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The lessons of the four Dougs

From the very beginning it feels as much like a documentary as a fantasy. This is the story of one man's life, circa 1996, stretched thin over the cracks between work and family. It even offers a motto for the era: "My whole life's an emergency!"

At work, our hero Doug has just been handed a second job for the paycheck of one. At home, he guiltily catches up on his daughter's graduation from Camp Fire Girls via videotape.

Putting it in a nutshell _ a hard one to crack _ the Los Angeles contractor and father describes his life this way, "Work is first. Family a close second. I'm a distant third. Bringing up the rear."

This is the setup for Multiplicity, a midsummer, midlife escape movie for folks who won't pay a babysitter to watch the White House blow up. It's the fantasy for working parents skating ahead of the cracking ice, folks who don't have the leeway for one bad day and who want the same thing for Christmas, for their birthday, their anniversary: "Time! Time! Time!"

Way back in the 1980s, when people still talked about role reversal, Michael Keaton played "Mr. Mom." Now it's the 1990s, and Michael Keaton is back starring in a role with hardly any maneuvering room.

Just when men and women figure out how to share the burden of family and work, the load has gotten too big for two people to carry. Today, in most families he's working (overtime) and she's working or about to be. The American family, as Keaton's wife says, "Doesn't need a schedule, it needs a miracle."

But Multiplicity comes up with a miracle, the one special effect that a stressed-out nation really wants Hollywood to create: a clone. Or two. Or three.

With the help of an only slightly mad scientist, Doug produces Doug 2 to go to work, then Doug 3 to take care of the home. They in turn produce the dimwitted Doug 4. And together they make as appealing a movie about male life as we've seen in years.

By now, Hollywood has been through an entire Rolodex of "new male" roles. Some of the men in movies could only change their ways if they were shot in the head, such as Harrison Ford in Regarding Henry, or dressed in drag, such as Robin Williams in Mrs. Doubtfire.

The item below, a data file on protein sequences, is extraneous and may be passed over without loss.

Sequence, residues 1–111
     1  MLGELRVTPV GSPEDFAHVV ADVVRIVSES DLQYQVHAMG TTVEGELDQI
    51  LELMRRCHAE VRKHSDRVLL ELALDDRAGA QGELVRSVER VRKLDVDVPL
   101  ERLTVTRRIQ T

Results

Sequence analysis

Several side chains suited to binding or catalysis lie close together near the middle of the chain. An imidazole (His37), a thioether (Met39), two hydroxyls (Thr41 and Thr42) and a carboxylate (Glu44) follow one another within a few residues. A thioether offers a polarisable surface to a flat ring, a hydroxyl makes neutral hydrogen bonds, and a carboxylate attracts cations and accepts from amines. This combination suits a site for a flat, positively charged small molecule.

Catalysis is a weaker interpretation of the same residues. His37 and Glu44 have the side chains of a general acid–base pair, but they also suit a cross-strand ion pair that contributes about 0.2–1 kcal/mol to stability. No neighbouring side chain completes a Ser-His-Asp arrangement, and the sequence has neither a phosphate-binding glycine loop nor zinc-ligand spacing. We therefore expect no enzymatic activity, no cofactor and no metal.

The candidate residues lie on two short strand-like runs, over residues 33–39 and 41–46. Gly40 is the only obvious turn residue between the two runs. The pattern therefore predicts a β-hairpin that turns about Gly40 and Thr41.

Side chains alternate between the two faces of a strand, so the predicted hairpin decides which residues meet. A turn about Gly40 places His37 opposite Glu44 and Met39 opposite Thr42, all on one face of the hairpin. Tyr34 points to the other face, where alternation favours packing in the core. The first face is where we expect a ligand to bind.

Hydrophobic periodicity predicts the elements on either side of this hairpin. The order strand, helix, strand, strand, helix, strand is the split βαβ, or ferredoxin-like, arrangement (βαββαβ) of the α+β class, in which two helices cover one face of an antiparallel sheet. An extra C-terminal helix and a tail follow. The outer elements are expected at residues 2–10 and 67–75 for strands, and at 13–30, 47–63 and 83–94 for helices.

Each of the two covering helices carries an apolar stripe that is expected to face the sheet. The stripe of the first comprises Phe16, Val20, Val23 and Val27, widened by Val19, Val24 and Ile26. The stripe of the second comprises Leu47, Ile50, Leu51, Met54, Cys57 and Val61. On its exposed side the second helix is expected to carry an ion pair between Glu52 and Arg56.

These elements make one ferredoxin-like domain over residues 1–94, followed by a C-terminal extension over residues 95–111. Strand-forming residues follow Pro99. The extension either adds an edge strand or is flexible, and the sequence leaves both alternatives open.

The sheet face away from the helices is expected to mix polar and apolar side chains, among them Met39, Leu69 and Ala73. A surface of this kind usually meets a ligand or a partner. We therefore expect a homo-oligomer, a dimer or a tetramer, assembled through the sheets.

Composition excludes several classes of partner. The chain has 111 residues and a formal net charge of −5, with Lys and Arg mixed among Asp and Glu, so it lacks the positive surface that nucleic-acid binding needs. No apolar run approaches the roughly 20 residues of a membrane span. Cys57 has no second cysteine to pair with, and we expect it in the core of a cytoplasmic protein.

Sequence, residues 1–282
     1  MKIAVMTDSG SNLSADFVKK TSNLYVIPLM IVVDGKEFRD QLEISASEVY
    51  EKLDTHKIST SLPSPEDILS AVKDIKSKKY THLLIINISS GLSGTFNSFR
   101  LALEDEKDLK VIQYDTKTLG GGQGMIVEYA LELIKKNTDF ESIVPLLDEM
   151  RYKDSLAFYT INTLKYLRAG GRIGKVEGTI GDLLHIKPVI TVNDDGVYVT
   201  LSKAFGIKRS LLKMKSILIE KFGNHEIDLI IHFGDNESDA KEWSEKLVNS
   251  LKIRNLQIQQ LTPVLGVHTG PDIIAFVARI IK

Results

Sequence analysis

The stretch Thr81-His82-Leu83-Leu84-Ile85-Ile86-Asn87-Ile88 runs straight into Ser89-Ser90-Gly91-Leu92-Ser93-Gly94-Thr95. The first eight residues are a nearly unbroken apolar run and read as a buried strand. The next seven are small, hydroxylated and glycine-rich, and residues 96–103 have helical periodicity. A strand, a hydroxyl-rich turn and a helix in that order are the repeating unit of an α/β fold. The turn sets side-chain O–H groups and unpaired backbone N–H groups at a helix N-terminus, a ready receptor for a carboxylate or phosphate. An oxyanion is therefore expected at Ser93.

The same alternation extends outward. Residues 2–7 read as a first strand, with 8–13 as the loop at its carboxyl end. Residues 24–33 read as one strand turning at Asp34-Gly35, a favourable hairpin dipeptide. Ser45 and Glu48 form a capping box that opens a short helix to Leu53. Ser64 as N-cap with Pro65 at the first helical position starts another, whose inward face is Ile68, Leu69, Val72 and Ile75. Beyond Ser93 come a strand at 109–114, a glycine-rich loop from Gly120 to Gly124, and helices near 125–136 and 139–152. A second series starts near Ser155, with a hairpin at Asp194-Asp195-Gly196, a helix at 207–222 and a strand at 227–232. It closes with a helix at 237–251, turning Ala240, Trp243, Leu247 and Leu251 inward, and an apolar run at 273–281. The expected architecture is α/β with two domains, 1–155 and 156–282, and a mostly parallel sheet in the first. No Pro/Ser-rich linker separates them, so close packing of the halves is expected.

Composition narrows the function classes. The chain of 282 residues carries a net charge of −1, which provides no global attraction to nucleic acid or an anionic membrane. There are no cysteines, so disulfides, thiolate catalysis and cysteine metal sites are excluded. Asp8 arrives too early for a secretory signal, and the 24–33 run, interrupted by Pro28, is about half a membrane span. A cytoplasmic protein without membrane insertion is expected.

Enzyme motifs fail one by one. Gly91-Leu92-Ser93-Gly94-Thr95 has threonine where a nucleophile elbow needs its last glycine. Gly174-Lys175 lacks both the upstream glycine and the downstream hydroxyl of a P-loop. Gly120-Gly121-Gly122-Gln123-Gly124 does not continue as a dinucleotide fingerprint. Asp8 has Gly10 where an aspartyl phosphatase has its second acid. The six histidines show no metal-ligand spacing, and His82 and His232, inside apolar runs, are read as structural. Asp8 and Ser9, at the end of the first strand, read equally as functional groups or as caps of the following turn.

Occasionally, an Arnold Schwarzenegger was enlightened by pregnancy, only to return to his terminating ways. Tom Hanks appeared as the "new man" playing a child in Big, and an idiot in Forrest Gump.

But now the same director who condemned Bill Murray to repeat Groundhog Day until the self-centered cad became sensitive, has given Michael Keaton multiple personalities.

I know what I should like best about Multiplicity. The movie offers a supporting cast for one of my pet and perverse theories. While all the world is promoting the two-parent family, I have long believed that we needed at least a three-parent family to get everything done. This scenario makes polyandry look practical.

Still, what's really most appealing about this "family" movie is the more subtle message about the changes men and women have gone through. The message says that for all the stress of partnership marriages, the "Time! Time! Time!" spent trying to balance work and family, our lives are actually richer when they are not limited to one sphere or another.

On the screen, Doug rediscovers this the hard _ and funny _ way. When Doug 2 is spun off to do the job, he slowly becomes a tougher, edgier piece of work. When Doug 3 is restricted to housekeeping, he starts getting obsessed with the right way to wrap leftovers.

As the comedy spins out of control, the clone club doesn't function very well. It turns out that the original isn't as happy when his roles are subcontracted out.

For a generation, we've been creating whole lives out of the old male and female parts. We still want it all. We just want a little less of it all.

Want to know the final '90s fantasy on and off the screen? It's the desire to slow life down to the human speed limit. Now that's a thought worth cloning.

Boston Globe Newspaper Co.

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